The Best of Tools Are Those That Reduce Friction
Note: This is a guest post by Justin Florentine, Director of Software Engineering at Elsevier. Justin shares his perspective on how and why friction happens in software. He presents the perks of using automation and how automating tasks is the simplest way to get the job done right and one of the best ways to incentivizes good habits.
Have you ever talked to a drafter about their favorite mechanical pencil? Spoke to an electrician about their favorite pair of Lineman's pliers? Or a carpenter about their favorite scribing knife? Hooooo boy, I hope you've got a minute!
Craftspeople and tradespeople can and will talk for hours about their favorite tool—the best tool. What they love about it. What it helps them create. How great it is and why it is the absolute best.
But "best," of course, is subjective. When I say best, I mean best for me. The tool that I love to use and am very personally invested in — think stockpile. Professionals who spend a lot of time solving problems in systems tend to fall in love with the tools that help them get "the other stuff" out of their way, remove the friction that slows down progress toward the goal, and stop them from solving problems.
Additionally, they encourage the worker to work the right way. If you've ever tried to do something the right way, but the system you're in provided some kind of resistance, you've experienced this kind of friction. You could've done it the right way, but it wouldn't have been the easy way. If you reach for that tool, and it's not easy to get a hold of because it's under a pile of other things, then maybe it's easier to use the wrong tool. How many of us have knocked something loose using the heaviest thing at hand instead of going to get a hammer? Yep, me too.
The Right Tools For The Right Job
Mechanical pencils produce lines of a consistent size and don't need sharpening. A good pair of pliers cuts, strips, and crimps while an electrician installs fixtures. A sharp and sleek knife leaves crisp lines that can be sawn or planed to. Those tools contribute to efficient problem solving by reducing, eliminating, or automating maintenance work. They reduce the friction between the creator and their goal.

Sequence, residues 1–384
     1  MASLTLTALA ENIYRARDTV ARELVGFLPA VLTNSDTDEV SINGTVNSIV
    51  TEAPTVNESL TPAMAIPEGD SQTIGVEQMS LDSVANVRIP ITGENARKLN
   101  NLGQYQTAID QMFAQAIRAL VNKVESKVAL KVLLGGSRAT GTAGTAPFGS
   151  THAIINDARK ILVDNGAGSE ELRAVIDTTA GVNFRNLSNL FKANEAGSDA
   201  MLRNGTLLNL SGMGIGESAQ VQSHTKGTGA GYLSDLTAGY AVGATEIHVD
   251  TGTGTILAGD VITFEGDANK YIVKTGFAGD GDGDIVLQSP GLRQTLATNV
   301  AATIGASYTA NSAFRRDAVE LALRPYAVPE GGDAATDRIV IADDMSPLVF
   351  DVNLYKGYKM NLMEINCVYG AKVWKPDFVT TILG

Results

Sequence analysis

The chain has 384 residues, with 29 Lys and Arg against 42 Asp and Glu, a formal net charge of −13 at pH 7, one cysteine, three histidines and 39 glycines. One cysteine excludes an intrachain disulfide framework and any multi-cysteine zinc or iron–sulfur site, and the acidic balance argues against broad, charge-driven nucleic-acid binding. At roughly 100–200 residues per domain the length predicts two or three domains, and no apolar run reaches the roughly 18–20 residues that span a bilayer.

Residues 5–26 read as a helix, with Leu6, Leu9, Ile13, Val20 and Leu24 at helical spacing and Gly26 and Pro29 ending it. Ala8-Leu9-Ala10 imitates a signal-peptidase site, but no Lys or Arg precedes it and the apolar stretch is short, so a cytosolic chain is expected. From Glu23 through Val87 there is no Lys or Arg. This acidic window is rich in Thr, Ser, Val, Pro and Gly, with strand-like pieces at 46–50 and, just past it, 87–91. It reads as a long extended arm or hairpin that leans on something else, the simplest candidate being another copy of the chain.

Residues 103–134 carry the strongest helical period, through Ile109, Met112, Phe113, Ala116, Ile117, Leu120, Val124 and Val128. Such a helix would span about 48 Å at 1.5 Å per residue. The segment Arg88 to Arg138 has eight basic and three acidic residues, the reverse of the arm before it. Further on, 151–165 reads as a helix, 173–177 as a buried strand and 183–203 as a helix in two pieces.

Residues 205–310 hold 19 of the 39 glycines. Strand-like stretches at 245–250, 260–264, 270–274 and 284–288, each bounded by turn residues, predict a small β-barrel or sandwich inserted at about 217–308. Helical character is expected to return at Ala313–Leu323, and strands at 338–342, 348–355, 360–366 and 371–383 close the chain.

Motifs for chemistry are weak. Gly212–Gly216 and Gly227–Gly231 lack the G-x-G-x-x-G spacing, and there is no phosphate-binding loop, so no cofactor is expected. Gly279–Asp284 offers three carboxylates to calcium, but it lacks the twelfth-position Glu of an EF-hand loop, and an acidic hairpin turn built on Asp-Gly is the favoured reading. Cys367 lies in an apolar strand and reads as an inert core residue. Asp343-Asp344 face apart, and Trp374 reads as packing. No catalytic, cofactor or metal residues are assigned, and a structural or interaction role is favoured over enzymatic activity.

Friction reduction is implemented not just by the tools a worker chooses but also by their space and how they organize their thoughts.
A good craftsperson is continuously revising and improving their workspace, so the system’s many pieces interoperate in ways that sweep away the busywork and allow them to focus on the really tough problems they want to solve. The best carpenters spend much more time designing furniture than they do building it.
Once you have those tools and methods dialed in, you can devote more energy to solving the actual human-facing problem. When you are building a desk, for instance, the desktop is a small problem; the drawers and elements the human interacts with are the big problems you put your soul into.
So, software. Friction happens in software all the time. Sometimes it can be a good thing, keeping us from the siren song of over-engineering. Most devs get over that, though, and friction is a major hindrance from that point on. We've all run into it, and it's not just taking a shortcut. I once worked at a place where a very skilled tech lead overruled a very pragmatic architect who wanted to factor out some functionality from a bloated service into a new, smaller service. There was nothing wrong with any of the ideas, the new service boundaries they were drawing, the APIs being moved, or even the implementation. Everything was neatly packaged by feature, and it could've been done in a day. They didn't do it. They specifically chose not to do it because there was so much friction, both organizationally and operationally, to deploying a new service. What if they had tools that removed that friction?
Keeping The Pace At Elsevier
Now I work at Elsevier, where we sell educational software for training nurses. Our software is web based, integrates with Learning Management Systems, and is deployed in a cloud-native architecture. Specifically, microservices. We have lots of services and applications, and never enough engineers to work on them. We are regularly adding new features, refining old ones, and upgrading infrastructure. Application developers will always push our platform's capabilities and discover new capabilities we didn't even realize we needed.